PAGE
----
Can this be right? Two simple factors solve emissions riddle?

Doing beta-testing of a business simulation game on pollution fee systems I discovered the answer to getting reductions and maintaining economic stability is easy: you just need two factors in place.

I’ve just completed the first step of an assignment for a Swedish Foundation to create a business simulation game that informs people about the potential of emissions tariffs (The polluter pays principle).  More information on this is in my white paper on the subject. This first step has involved creating a formula “engine” that will allow some limited simulation of emissions fees, investment in clean technology and the effects on profitability, economic growth and tax revenue. Having set the engine up I started testing with fictitious teams to create base scenarios. – starting points – where no-one makes any decisions and the simulation runs on its own.

Before I tell you the two “golden factors” I discovered I should mention that economists have been asking for someone to put a price on the environment, claiming that with out a price, market forces will not operate to solve the problem. Some economists, Bjorn Lombard among them, argue that the price of renewables should go down, not that the price of fossil fuel should be put up with fees.

Clean engine researcher Anders Höglund, who also researches into economic steering mechanisms and is the father of the “Hoglunds Mechanism”, makes a simpler claim: “The cost of pollution is the cost a market actor is prepared to bear to NOT Pollute”. To put it in another way, if government raised fees on emissions enough, a point would come where market actors would find it cheaper to invest in clean alternatives and not pollute.If clean alternatives were not forthcoming despite hikes in fees, the revenue from the emissions fees could be paid to someone to find a clean methodology.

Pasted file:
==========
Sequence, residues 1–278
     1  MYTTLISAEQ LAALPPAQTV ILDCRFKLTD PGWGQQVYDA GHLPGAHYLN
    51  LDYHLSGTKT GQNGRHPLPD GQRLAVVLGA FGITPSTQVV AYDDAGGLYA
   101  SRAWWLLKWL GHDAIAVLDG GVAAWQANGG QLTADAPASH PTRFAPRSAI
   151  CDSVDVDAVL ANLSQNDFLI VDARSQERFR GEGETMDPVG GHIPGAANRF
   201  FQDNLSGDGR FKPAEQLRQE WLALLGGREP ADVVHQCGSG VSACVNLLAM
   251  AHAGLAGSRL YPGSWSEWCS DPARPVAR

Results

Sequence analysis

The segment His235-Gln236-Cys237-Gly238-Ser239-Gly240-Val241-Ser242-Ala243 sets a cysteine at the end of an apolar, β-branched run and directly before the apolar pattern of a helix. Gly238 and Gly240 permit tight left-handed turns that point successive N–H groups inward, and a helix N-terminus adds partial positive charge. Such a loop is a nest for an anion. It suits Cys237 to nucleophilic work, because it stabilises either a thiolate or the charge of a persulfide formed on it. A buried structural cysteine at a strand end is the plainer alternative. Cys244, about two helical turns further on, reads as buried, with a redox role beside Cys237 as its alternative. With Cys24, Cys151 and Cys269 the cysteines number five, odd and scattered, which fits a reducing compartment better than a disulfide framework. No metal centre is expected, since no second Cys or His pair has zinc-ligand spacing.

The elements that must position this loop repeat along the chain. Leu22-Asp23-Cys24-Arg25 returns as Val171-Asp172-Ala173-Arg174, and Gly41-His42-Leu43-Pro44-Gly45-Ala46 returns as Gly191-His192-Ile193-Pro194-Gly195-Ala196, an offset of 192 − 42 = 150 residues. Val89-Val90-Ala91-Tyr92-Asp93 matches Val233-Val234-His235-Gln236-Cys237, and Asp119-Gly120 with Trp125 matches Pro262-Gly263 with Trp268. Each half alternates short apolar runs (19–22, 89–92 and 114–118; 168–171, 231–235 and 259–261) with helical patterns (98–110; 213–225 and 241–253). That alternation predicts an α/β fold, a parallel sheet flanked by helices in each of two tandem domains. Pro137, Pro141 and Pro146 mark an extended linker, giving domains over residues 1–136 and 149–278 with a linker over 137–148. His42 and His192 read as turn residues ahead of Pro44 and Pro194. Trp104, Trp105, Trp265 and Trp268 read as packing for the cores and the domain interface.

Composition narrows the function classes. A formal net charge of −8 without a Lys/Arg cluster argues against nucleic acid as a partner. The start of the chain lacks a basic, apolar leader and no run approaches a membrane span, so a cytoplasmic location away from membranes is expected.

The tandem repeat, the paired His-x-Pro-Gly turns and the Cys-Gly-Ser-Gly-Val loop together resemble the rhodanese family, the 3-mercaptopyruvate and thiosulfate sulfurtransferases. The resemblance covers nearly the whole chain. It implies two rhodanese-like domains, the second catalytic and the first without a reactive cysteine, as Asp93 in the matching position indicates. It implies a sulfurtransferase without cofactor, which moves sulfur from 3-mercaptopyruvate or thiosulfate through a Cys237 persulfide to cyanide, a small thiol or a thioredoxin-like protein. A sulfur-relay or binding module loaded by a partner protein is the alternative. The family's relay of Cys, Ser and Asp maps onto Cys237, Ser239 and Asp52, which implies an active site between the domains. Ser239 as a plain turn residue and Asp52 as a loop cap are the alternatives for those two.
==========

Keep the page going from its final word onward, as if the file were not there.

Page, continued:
To give you an idea of what the simulation software produces:


This is a base scenario. Business as usual gives a Government goal for reduction, quite high pollution fees, but not change in behaviour of the market, which produces a profit for participating actors.

This scenario shows a progressive rise in fees.

emission2In this scenario, as fees become higher,  with no other change in market behaviour, they erode profits to an extent where market actors make a loss. This of course would not be tolerated in a real life situation but it forms a base scenario from which to play the business game.

The overall aim of this is, of course, to create a game that is simple enough to play in a few hours, yet complex enough to generate discussion, interesting results and insights. Because of this, the whole game play will get tweaked and improved as different simulations are tried and a wider range of players are brought in,

The discovery that emissions fees are a no-brainer really took me by surprise, and I am still checking and double checking. However, I feel I have come far enough with the beta version to share it with the brave few who are regular readers of my blog.

To test the engine I entered the following scenario as a given: government announces 1) its intention to see to it that emissions are reduced by a certain % over a given period 2) that it will increase emissions fees (over 100% of fuel price if necessary) until the market obeys .

Emissions3This is what happened:
Companies invest heavily in clean–tech, and continue to pay the costs over eight time periods. Fuel bills fall rapidly and profits return. Government income from fees on fuel falls too, but this is not a problem as the targets for reduction get met early on the period. The darker red line represents actual sales of fossil fuel and the blue line the target. the green line, profits, shows a healthy trend, even without reinvestment of fee revenue.

Conclusions from the first round of testing:
this really is a no-brainer: if governments act serious about reducing emissions, clean-tech will be forthcoming and business stability will not be affected. The cost of emissions is simply the cost to remove them, something which it seems economists are ignoring, On the contrary, emissions fees revenues could be used to be re-invested in clean tech to stimulate economic growth even more.

I am looking forward to your comments and of course if your organisation would like to invite us to run the simulation with you we would be delighted.

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